The Republic of Kenya is a third world country located in East Africa and has a number of issues (health and otherwise). Kenya is poor in terms of its economics; it is a low income developing country where agriculture sustains 80% of the people; relying on maize as its chief food crop and coffee and tea as the main cash crops (Kenya 2008). Kenya’s multiparty democracy and strong central government allows healthcare officials and researchers to communicate with them. However, Kenya has trouble providing adequate healthcare for its population. One of the health issues that Kenya must concern itself with is Tuberculosis and this can present itself with other medical conditions as well, such as HIV.
Tuberculosis infected 9.4 million patients in 2009 and nearly 14 million people are living with the disease worldwide. Kenya is one of the 22 World Health Organization defined high burden countries where 80% of the world’s burden for TB exists; it is 13th amongst the 22 high burden Tb countries (Billingsley et al. 2008). Tb is underreported; furthermore, Tb-related morbidity, mortality and drug resistance are expected to increase (Ayisi, Hoo, Agaya, Mchombre, Nyamthimba, Muhenje and Marstonn 2011 ). The Estimated number of new Tb cases in Kenya is around 130,000 (Infectious Diseases, Kenya, 2009). Estimated Tb prevalence in Kenya is around 300/100,000 (Infectious Diseases, Kenya, 2009). From 2006 to 2009, the total number of newly registered Tuberculosis patients reported each year decreased 5% from 115,234 to 110,015. Kenya has experienced an increase in TB detection rates from 51 to 320 per 100,000 between 1987 and 2004 (Billingsley et al. 2008). The Tb case detection rate is the number of incident TB cases in a given year (Mansoer, Schecle, Floyd, Dye, Sitiene, and Williams 2009).
Tuberculosis is caused by the bacterium Mycobacterium Tuberculosis (Basic TB Facts 2012). Mycobacterium Tuberculosis usually attacks the lungs, but it can also attack the kidneys, spine and brain. Tb is spread via air contact/droplets; person with Tb can spread it by coughing, sneezing or speaking; it is not spread by touch (Basic TB Facts 2012).
In order to formulate a plan to deal with Tuberculosis in Kenya, I followed what was done in the past. The plan would be to learn as much about the disease process and the disease in Kenya first and then figuring out what resources are needed (partially by contacting organizations) and partly by looking at previous research. Then it would be necessary to diagnose the disease, educate the public and actually treat cases of the disease, paying attention to any health, social and political repercussions.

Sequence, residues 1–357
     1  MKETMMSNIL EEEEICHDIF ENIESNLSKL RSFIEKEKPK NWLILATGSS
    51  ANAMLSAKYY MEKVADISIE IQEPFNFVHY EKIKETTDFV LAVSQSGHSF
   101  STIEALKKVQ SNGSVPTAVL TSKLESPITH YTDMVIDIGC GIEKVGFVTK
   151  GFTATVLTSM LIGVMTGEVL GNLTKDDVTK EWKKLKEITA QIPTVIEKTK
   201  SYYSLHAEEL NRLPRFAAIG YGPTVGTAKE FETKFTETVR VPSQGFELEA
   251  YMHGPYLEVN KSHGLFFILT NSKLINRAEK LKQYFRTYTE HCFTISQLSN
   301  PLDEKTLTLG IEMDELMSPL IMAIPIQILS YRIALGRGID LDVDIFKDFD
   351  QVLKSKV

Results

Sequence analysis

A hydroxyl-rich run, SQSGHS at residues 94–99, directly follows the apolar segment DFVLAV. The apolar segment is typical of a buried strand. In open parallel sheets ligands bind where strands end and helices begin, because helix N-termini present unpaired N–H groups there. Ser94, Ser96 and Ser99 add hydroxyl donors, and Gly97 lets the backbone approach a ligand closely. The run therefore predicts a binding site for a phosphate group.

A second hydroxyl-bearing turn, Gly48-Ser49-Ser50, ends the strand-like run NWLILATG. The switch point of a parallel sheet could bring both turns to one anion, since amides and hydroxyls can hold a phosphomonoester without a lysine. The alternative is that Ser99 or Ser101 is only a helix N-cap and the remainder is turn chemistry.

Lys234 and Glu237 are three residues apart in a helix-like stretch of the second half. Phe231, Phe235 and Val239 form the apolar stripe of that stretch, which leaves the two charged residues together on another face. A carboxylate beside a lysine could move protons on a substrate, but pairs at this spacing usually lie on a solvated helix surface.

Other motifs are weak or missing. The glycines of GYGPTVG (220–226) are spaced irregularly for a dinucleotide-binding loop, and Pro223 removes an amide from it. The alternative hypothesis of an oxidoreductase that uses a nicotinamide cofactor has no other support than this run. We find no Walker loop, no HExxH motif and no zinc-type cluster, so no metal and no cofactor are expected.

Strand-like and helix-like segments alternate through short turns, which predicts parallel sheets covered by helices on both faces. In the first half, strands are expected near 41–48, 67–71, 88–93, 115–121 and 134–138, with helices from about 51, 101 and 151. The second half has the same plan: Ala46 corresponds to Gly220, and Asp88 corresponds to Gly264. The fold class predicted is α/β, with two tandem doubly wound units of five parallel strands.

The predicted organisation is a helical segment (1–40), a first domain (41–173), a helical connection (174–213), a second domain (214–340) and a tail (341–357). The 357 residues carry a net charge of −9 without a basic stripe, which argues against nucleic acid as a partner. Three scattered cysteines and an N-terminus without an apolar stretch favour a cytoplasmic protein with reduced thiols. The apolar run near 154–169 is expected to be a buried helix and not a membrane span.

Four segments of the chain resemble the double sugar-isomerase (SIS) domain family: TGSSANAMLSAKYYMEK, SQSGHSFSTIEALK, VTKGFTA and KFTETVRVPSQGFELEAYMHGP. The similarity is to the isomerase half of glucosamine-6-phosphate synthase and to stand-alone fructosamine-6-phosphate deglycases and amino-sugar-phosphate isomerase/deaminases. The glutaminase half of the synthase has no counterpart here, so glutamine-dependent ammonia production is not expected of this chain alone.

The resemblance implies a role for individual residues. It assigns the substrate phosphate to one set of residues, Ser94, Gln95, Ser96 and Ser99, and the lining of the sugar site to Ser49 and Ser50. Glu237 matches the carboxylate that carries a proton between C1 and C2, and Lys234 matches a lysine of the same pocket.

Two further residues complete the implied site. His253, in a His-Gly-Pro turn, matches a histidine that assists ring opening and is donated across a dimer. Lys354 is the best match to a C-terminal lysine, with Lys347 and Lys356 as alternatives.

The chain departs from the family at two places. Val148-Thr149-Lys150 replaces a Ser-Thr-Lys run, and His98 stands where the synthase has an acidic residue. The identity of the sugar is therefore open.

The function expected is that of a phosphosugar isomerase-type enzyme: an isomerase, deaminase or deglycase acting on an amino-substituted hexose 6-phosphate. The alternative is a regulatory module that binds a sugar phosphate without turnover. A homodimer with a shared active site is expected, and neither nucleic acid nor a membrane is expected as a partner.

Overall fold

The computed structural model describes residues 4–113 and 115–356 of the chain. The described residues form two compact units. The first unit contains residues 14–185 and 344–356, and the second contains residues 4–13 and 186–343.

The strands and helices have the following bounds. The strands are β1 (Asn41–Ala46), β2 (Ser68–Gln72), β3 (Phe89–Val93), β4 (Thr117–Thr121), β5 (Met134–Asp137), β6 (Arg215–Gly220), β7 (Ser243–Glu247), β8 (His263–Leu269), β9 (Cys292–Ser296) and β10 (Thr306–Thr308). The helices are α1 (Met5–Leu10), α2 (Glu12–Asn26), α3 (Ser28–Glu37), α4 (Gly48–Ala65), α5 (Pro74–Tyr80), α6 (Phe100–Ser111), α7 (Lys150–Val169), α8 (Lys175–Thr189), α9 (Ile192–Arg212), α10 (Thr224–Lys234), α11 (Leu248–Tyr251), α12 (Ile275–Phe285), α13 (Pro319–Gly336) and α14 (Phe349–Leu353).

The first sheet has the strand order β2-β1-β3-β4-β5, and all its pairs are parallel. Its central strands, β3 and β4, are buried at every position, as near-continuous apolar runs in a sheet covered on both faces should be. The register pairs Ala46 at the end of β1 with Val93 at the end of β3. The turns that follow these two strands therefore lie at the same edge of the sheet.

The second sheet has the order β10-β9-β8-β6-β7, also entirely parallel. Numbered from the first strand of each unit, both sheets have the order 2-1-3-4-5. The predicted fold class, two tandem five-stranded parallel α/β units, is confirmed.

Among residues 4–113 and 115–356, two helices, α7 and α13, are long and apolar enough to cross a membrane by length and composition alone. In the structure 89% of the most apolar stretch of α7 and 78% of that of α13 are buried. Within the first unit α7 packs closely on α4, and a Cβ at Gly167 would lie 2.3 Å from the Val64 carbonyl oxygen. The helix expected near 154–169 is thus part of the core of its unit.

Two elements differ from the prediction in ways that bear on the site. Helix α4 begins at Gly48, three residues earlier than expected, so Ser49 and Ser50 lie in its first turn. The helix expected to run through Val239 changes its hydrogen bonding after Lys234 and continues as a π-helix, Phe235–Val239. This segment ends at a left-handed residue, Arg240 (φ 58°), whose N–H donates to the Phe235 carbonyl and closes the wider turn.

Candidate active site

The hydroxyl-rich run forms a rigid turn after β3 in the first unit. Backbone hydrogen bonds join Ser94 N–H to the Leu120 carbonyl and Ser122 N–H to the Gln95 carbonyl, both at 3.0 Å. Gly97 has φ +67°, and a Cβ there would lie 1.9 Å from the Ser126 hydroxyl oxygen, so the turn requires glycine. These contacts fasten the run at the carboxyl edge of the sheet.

The first step would be gathering information and knowledge of the disease in certain regions of Kenya. It would be important to know what information can be gathered and which cannot and how to go about gathering that knowledge . Electronic databases can be used to gather this information.
The next step would be figuring out what resources (monetary and otherwise) would be necessary to treat and prevent Tuberculosis. There are multiple sources of care available for Tuberculosis and there are also problems with access and affordability (Ayisi et al. 2011). There are private facilities that charge fees for service, but they were not selected; the focus here is on the public sector (Mauch et al. 2011). Issues to be considered with having public facilities active and available are costs for diagnostic tests and costs for treatment, administrative charges (personnelle need to be hired), medicines taken for TB symptoms, transport to and from health facilities, food and supplements and accommodation costs (Mauch et al. 2011).
After that it would be necessary to educate the public. One of the issues related to Tb is that patients are unsure about the causes of Tb; some examples of what Kenyans thought caused Tb are alcohol, certain drinking water, sharing utensils and physical labor (Ayisi et al. 2011). Education is necessary to dispel myths and spread knowledge about Tb, but it should be noted that popular and folk beliefs of the patients are mixed in as well and there are “therapeutic narratives” where people assign person and social meaning to illnesses; the health beliefs may come from the professional health sector, popular sector or social sector (family and friends) (Ayisi et al. 2011).
The public should be diagnosed and we should understand the disease ramifications. It is difficult to measure the incident of TB disease directly. Significant progress has been made in TB control over the last 10 years and again it is often studied with concurrent infections; almost all patients are also tested for HIV (Mansoer et al. 2009).
There is a social stigma associated with Tb even though patients in Kenya have reported that those around them did not treat them differently. Defaulting from treatment is also a problem because there is a lack of knowledge/misconception about the duration of Tb treatment; patients have stopped taking the treatments because they felt the treatments lasted too long (Ayisi et al. 2011).
After that, the next step would be to test and treat the public. A patient should get tested for Tb if they are or have been 1) exposed to Tb patients, 2) Immunocompromised, 3) show signs and symptoms of Tb or 4) use illegal drugs. A full diagnosis of Tb is made via a) Medical History, b) Physical Exam, c) Tb injection test, d) Chest radiograph and e) Lab tests . 2 kinds of tests are used: TB skin test (TST) and TB blood tests (Testing for TB Infection 2011). A positive test indicates that a person has been infected; it does not indicate whether the person has latent TB infection or has progressed to TB disease. The TB skin test is the Mantoux skin test in which a small amount of fluid (called Tuberculin) is injected into the skin into the larger part of the arm (Testing for TB Infection 2011). Tb blood tests measure how the immune system reacts to the bacteria that cause Tb.